Livingstone cottage. The residence, 1857-8, of Dr. David Livingstone, who wrote Missionary Travels and Researches in South Africa there. Later residents included James Agate, the dramatic critic.
Monken Cottage. Mid-18th building of urban appearance.
Grandon. Home of Frances "Fanny" Trollope. The house was built in 1770 and it carries a blue plaque to commemorate Fanny. She was born in 1780 and brought up a family of six. One of these, Anthony Trollope, was later to be a successful novelist. Fanny herself began to write as a response to the family financial problems
Hadley Green Road
Beacon House. Timber framed with brick front, Built 17th and early 18th. Seems to contain parts of the building conveyed by Thomas Fletcher to the parish in 1616; it was enlarged and refronted in the 18th, when it belonged to the Shewell family.
Cedars. Modern house on the site of The Priory
Green View. Attractive white stucco Georgian house.
Grove House. Late 18th very thoroughly Neo-Georgianised by A Welch
Hadley Grove. Lying well back from the road a large late-18th house rebuilt in the early 20th century in the neo-Georgian manner, to the designs of H. A. Welch.
Hadley Lodge, by the entrance to Hadley Common, is an 18th stuccoed house incorporating some earlier features, with a slate roof and a porch supported on columns.
Little Pipers. On the site of the priory
The Priory. Demolished after 1953. This was a 16th building, which was given an elaborate Gothic front in 1800. It belonged to the Revd. David Garrow,
White Lodge. Stucco with ornate door case.
Hadley Highstone - Great North Road
Hadley High Stone. On the central green lawn, where the road divides is the Barnet Pillar as it is described in the road books. It says “on Easter Day, 14 April 1470 was fought the battle of Barnet”. It was erected in 1741 by Sir Jeremy Sambrook of North Mimms, and thought to be the spot where the Earl of Warwick died in the Battle of Barnet, - Warwick the Kingmaker. There is no evidence that this is where it was and the pillar was actually moved in 1840 and both positions are a guess. It is the highest point on the Great North Road. S Warwick was overtaken and killed as he walked to his horse in Wrotham Wood after the battle.
18 King William IV. 17th picturesque timber-framed pub. Two gables to the road with decorative 19th bargeboards, one rendered, one weather boarded. Closed and turned into a restaurant
Old Fold Lane
The area is on a fold of sand and gravel
Old Fold Manor House. Georgian. Five-bay, two-storey Georgian, c. 1750, stuccoed. Originally built by a family of goldsmiths called Frowyk, in the 13th one of whom, Henry Frowyk, was Lord Mayor of London in the 15th
Moat remains to the west.18th dug by Fowke – or part of the 13th manor house,
Old Fold Manor Golf Club. Two houses of c. 1820, two-storeyed, with rounded full-height bays, one with doorway with fanlight Adapted in the early 20th by W. Charles Waymouth as clubhouse.
Old Fold Golf Course owned by Middlesex County Council. The 6th fairway, 5th green and 2nd tee are known as Sunset Fields, because of the evening skies. In front of the 13th tee is a pond on the dogleg,
Footpath on remains of the battlefield runs alongside the ancient hedge behind which the Earl of Oxford's division was possibly drawn up. Hedgerow with bank and ditch runs north-westwards across the golf course and a survey suggested it is ancient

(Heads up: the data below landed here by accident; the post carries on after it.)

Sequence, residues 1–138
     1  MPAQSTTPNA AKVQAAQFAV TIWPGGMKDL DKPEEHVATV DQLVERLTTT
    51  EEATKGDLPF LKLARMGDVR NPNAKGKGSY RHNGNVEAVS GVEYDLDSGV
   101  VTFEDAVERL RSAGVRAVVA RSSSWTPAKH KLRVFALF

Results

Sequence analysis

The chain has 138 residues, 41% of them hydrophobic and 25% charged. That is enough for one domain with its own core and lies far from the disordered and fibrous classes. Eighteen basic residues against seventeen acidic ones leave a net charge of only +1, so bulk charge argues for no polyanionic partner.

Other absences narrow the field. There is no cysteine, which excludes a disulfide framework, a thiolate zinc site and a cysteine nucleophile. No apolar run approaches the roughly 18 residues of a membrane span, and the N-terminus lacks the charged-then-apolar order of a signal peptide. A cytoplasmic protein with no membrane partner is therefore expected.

Mill here in the 18th and gave its name to the Windmill Tavern further on
‘Hadlegh’ 1248, ‘Hadle’, ‘Hedle 1291, ‘Monken Hadley’ 1489, ‘Munkyn Hadley’ 1553, that is 'clearing where heather grows, heath clearing', from Old English ‘hxth’ and ‘leah’. Affix is Middle English ‘monken –‘'of the monks', referring to early possession of the manor by the Benedictine monks of Walden Abbey in Essex. A semi-rural suburb originally in Middlesex and part of East Barnet District in Hertfordshire between 1895 and 1965.
Maw Works 1950s
New road built by Telford 1838. Before the 1820s the branch of the road which goes off Hadley Green High Street to South Mimms and St Albans did not exist - the coaches has to go to Barnet Pillar before branching off. This was the Holyhead Road built by Telford. On 5 June 1820 Thomas Telford presented his report for improving the road between London and Holyhead to the House of Commons. On this section between Barnet and South Mims he said “At present the whole is composed of a series of angular turnings and unnecessary hills, to an extent which renders it surprising how such glaring imperfections have been so long suffered to exist, when a sufficiently direct line can be obtained with no inclination more than 1 in 30”. As the route of the mails to both Edinburgh and Glasgow, it had clearly received more attention, having been brought to the standard of a Great Road, as the term was understood in the early 19th
Christ Church. Attractive. built in 1845, as a daughter Church of St Giles, South Mimms, to serve the expanding population of Barnet.. It became a parish church in 1853. built to a design of Sir Gilbert Scott, and enlarged in 1863. A gallery was added for orphans of the Crimean War. The first Vicar was Revd. William Pennefather. The Church Patronage Society has been patron since 1919 and their trustees appoint the Vicar
Pennefather Hall. The church hall, pretty
Shire Golf Club – site of dummy airfield in the Second World War
British Listed Buildings. Web site
Clunn. The Face of London
Clunn. London Marches On
Field. London Place Names
London Borough of Barnet. Web site
London Transport. Country Walks
Middlesex County Council. History of Middlesex
Osborne. Defending London
Pevsner and Cherry. London North
Walford. Village London
Webster. Great North Road ,
Whitelaw. Hidden Hertfordshire,